A Biography of Depression

There is this pit which,  I believe, we all walk around the edge of at some time in our lives. Though the lucky among us may never notice they are doing so, the worst they may experience is a cold shiver on the back of their neck, and an urge to tread carefully or even tip toe around for a day or two, without even knowing what it is that makes them feel that way.
Others will only perceive the pit, tread carefully for a while and then move on.
Others still may find themselves walking around the edge for a long time at different parts of their lives, but through luck and perhaps the odd guiding hand they never slip into it.
For some, however, occasionally the ground will give way under their feet, and they will stumble. If you’re really lucky at that point, you might catch yourself, or you may find a hand hold or a ledge to abate your fall. Someone may reach out a hand and grab you, pulling you back to firmer ground. Yet they still may find themselves slipping down into the pit all the same.
And some of us just fall when the ground gives way.
It’s dark down there in the pit, dark and cold, and a long way down. The people walking around the edge seem like shadows, which taunt you and remind you that you too were once only walking around the edge.
Yet even in the deepest parts of the pit, you can see the sunlight. That’s why you can see the shadows. You can still see the way out, for all the sides are steep. You can still imagine that if you call out someone may drop a rope to you, and half pull, half drag you back up to the rim. There is, you see, allows hope while the sun shines…
Except at night there is no sun, at night there is only darkness, and those shadowy figures of hope are but noises in the distance. Half forgotten. Until even the sun is but a memory, daylight a myth.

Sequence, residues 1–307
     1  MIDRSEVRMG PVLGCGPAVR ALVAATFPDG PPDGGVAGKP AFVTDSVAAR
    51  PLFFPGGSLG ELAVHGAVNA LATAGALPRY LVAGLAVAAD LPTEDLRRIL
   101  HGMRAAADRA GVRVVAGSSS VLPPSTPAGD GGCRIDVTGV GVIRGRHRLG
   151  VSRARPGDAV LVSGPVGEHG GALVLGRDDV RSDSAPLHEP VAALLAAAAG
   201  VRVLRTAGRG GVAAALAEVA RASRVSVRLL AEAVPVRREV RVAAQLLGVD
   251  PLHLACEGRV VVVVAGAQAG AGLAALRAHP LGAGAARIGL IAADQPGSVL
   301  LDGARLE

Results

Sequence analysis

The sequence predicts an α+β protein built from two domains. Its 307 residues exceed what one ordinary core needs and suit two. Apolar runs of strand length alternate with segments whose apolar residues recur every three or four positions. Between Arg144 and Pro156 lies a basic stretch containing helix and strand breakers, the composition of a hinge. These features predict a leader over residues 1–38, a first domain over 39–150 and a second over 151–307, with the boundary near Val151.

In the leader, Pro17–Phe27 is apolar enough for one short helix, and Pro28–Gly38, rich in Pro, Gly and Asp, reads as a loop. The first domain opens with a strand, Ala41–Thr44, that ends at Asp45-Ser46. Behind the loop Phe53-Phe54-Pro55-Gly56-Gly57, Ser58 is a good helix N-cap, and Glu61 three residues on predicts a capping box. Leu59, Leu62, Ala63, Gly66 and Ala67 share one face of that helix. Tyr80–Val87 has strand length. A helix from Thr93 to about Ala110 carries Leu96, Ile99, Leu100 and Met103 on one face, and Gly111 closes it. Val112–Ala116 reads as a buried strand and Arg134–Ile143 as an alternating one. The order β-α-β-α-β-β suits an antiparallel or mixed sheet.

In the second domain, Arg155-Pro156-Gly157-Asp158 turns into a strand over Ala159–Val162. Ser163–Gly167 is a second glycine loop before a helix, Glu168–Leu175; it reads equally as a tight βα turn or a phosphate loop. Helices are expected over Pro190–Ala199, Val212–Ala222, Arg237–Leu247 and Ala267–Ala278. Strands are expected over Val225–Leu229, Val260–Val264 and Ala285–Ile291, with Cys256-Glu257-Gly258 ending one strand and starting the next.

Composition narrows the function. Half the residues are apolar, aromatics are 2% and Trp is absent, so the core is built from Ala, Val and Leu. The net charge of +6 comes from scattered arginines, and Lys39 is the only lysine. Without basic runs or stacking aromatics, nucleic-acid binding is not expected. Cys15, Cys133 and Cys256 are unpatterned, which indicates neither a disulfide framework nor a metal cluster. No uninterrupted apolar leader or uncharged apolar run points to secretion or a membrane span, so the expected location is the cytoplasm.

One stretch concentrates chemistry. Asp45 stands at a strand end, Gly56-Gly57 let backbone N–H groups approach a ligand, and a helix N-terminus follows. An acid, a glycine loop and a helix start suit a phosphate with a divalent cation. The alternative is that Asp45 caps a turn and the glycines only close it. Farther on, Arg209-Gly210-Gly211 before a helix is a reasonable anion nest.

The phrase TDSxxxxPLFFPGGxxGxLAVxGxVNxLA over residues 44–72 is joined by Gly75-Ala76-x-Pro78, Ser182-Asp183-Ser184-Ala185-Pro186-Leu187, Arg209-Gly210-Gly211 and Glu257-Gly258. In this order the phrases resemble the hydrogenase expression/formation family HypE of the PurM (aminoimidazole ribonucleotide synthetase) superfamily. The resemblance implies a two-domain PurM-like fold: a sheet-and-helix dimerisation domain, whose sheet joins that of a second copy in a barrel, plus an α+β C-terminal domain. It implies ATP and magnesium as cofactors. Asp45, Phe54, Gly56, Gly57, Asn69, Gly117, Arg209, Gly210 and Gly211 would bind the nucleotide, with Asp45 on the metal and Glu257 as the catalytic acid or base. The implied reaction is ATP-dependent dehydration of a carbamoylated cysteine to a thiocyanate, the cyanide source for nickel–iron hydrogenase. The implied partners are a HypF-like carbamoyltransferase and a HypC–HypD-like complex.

It is there, in that darkness that I have dwelled more than once in my life, dreaming of the days in the sun I can no longer remember.
Depression can take anyone.  It’s not what it seems, it’s not what people say, it’s not weakness, it’s not just a dose of the blues either. It is all too human, and few, lucky people have ever passed through their lives without glimpsing that pit at some time. Many may never fall down the whole way, but most stumble at some point, and all too many fall for a while.
As for myself, I am perhaps more inclined towards it than most. Some of us just are, it’s in our make-up. For me, to the extent for a long time that pit has been my norm. Something I have only come to realise of late, because when you dwell in the pit, or around the side of it for a long time, the norm is what it becomes.
Knowing that does not really help a great deal, save that in recognising the place in which I dwell for what it is, I can try to find a way to climb out and walk in the sunshine for a while.
Image result for pit of depression
  
The first time I dallied with none existence, with seeking an end, was in my early teens. I am not sure I recognised it at the time for what it was. It was not a desperate cry for attention, as some would consider it. Nor was it some expression of teen angst taken to extremes.